How do we use gradients and signals to make images? Though there are a range of possibilities, the most common method is to perform two-dimensional Fourier transform (2D-FT) imaging, though three-dimensional Fourier transform (3D-FT) imaging formats are also used for several applications. In 2D-FT formats, a “slice selection” gradient, conventionally referred to as the “z-gradient” though its axis in space is completely selectable using combinations of the “laboratory frame” x-, y-, and z-gradients, is applied during the RF pulse. This effectively limits the spins, which are tipped into the transverse plane to a “slice” of the object. The nominal thickness of the slice, generally between 2 and 10 mm depending on the clinical application, is a function of both the strength of the slice selection gradient as well as the specific shape or “envelope” of the RF pulse applied (11). Following “slice selection,” signals are recorded, which are both “phase encoded” and “frequency encoded,” to begin to gather the information necessary to form a 2D image of the selected slice (6). Phase encoding refers to the process of applying, for a brief period of time τp, a gradient of fixed amplitude along the “y-axis” perpendicular to the slice select “z-axis.” Following this “phase-encode blip,” a signal is “read out” while a frequency encoding gradient is applied along the x-axis perpendicular to the y- and z-axes.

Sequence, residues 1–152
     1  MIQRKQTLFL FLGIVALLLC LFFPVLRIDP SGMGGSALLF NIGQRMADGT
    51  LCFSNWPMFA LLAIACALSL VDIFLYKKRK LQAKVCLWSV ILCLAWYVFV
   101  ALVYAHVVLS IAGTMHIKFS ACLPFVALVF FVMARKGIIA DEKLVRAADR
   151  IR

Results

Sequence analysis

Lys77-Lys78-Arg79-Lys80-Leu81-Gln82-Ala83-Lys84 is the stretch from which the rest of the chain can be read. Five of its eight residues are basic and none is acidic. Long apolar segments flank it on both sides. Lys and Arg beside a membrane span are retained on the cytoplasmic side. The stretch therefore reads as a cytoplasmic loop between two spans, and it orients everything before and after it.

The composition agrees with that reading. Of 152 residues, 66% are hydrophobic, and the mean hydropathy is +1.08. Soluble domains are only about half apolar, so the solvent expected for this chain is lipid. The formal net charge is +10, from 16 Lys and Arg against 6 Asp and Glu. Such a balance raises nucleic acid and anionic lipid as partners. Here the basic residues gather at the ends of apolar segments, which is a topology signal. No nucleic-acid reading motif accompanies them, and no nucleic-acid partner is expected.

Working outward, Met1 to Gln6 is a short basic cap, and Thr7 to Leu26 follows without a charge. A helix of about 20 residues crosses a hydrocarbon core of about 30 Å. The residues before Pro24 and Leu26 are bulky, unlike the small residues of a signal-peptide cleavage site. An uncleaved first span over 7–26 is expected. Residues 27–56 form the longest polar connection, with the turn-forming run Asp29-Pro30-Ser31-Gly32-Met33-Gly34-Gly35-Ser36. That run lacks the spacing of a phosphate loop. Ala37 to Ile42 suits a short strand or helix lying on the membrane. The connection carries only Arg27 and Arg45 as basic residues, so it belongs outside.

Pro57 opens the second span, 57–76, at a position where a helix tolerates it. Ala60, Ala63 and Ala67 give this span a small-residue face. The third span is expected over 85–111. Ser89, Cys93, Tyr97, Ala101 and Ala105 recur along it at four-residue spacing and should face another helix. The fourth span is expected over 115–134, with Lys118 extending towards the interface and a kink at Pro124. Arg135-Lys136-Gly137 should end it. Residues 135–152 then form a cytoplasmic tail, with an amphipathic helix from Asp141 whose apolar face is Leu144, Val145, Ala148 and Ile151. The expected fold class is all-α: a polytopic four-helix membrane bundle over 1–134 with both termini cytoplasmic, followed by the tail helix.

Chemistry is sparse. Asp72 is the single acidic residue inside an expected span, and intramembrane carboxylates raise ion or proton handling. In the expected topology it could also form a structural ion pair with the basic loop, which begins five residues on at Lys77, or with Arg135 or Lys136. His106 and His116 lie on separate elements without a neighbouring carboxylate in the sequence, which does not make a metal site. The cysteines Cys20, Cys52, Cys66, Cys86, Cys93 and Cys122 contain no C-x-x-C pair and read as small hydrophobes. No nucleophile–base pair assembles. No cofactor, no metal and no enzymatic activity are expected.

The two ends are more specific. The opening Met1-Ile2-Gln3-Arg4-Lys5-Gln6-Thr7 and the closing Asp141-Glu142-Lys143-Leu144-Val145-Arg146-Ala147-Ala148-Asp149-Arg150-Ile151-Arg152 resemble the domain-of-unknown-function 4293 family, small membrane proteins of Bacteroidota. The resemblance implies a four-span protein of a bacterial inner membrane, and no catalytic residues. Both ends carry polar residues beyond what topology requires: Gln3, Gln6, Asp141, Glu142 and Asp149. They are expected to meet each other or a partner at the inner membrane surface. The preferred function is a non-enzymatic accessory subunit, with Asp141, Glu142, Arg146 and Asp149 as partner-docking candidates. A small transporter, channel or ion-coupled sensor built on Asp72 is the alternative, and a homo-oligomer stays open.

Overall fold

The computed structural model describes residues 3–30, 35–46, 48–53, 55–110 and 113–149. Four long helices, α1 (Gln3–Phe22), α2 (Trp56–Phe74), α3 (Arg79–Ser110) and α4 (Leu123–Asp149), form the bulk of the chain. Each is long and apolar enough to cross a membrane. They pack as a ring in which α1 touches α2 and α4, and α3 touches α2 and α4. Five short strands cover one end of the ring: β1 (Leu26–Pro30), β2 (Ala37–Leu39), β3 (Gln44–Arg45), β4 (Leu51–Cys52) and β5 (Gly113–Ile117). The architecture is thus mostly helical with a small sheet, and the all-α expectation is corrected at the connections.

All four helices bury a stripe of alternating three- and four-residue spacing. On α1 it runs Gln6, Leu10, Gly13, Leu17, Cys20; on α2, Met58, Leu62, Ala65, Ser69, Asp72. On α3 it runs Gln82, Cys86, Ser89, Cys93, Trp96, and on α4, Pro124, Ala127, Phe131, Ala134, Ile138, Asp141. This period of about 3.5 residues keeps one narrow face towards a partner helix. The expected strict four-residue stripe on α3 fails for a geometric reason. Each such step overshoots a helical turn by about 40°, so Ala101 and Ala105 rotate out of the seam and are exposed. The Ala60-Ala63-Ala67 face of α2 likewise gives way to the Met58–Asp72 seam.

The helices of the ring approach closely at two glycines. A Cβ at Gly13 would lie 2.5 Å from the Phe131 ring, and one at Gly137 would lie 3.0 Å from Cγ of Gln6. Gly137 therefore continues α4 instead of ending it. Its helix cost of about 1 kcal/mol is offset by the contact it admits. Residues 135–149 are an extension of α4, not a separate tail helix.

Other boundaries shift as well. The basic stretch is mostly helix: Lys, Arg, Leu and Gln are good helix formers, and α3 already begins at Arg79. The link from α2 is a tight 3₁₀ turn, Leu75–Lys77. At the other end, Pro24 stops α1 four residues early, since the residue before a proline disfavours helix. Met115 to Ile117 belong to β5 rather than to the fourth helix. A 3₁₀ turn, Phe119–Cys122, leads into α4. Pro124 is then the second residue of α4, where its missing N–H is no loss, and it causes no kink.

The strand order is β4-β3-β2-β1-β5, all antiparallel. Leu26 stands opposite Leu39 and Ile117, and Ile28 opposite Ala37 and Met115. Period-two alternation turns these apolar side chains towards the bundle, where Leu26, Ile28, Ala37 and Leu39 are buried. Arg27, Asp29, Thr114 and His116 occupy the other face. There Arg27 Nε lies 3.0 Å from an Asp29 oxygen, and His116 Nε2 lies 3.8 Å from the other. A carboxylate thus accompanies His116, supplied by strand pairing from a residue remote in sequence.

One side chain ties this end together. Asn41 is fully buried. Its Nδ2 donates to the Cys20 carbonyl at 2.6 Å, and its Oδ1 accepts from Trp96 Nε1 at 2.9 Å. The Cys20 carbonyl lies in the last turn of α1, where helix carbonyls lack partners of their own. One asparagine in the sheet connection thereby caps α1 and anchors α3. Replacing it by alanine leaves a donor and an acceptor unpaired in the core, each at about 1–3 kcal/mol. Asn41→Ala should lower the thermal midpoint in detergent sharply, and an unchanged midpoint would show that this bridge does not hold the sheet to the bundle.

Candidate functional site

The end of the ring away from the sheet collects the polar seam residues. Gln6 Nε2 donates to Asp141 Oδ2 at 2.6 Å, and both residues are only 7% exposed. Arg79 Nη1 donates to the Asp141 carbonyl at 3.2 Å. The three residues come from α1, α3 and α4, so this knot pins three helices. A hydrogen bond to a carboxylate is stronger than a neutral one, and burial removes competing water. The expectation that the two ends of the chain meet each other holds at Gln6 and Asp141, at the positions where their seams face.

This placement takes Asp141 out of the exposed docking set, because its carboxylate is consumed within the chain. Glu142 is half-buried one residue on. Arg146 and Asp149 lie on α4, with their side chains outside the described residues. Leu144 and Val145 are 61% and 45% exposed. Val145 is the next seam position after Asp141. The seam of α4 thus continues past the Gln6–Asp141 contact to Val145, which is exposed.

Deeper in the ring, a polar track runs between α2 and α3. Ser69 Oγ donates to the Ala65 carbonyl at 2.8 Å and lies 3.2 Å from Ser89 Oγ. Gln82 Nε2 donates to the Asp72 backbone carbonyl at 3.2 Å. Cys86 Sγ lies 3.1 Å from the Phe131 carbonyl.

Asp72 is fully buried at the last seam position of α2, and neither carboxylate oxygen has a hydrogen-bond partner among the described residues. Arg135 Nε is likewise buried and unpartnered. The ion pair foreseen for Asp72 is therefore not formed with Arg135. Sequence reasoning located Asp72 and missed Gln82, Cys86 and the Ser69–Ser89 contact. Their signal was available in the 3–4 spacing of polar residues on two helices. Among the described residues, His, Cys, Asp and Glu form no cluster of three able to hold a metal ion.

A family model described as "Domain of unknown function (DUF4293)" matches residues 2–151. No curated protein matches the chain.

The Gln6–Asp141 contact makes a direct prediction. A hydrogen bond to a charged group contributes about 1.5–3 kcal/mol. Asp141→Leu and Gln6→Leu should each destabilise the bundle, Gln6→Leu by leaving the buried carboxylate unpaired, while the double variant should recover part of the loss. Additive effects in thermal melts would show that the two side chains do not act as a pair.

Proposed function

To gather enough information to generate a 2D-FT image, this entire process – slice selection, phase encoding, and frequency encoding – must be repeated m times where m is one of two numbers of the in-plane image matrix of n × m values, for example 256 × 256. The only difference between successive signal collections is the amplitude of the phase encode gradient which takes on a total of m values, both negative and positive around a very low, or no (zero), phase encode amplitude value. The n in the image matrix refers to the number of frequency samples, that is how many times during each signal collection the transverse magnetization gets measured. For example, an 8 millisecond (ms) signal readout may utilize an n of 256 digital samples, requiring a new digital sample every 31 microseconds (μs), a rather small unit of time referred to as the “dwell time” in the older literature and inversely proportional to the full receiver bandwidth (BW) of ±16 kHz in this case. In 2D-FT imaging, a single slice is sampled for a signal and then, immediately afterwards, a different, adjacent or nearby, slice is sampled and so on. One returns to the first slice sampled to get another signal from that slice after a time known as the repetition time (TR), a time which, as I discuss further below, also plays an important role in tissue contrast as it determines how long we let each slice “relax” after disturbing it from equilibrium. Thus, in conventional 2D-FT imaging, multiple slices are sampled each TR period and the total scan time for a multislice acquisition is m (the number of phase encodes) × TR, when only a single “signal average” is used. In 3D-FT imaging, a much thicker slice, or “slab” of spins is tipped down into the transverse plane and two phase encoding procedures are applied, one for the z-axis and one for the y-axis so that the total scan time is m × l × TR where l is the number of slices encoded along the z-direction. In general 3D-FT imaging provides a higher signal-to-noise ratio (SNR) than 2D-FT imaging at the expense of scan time due to the nested phase-encode looping required (e.g., for every single slice encode we have to do m phase encodes).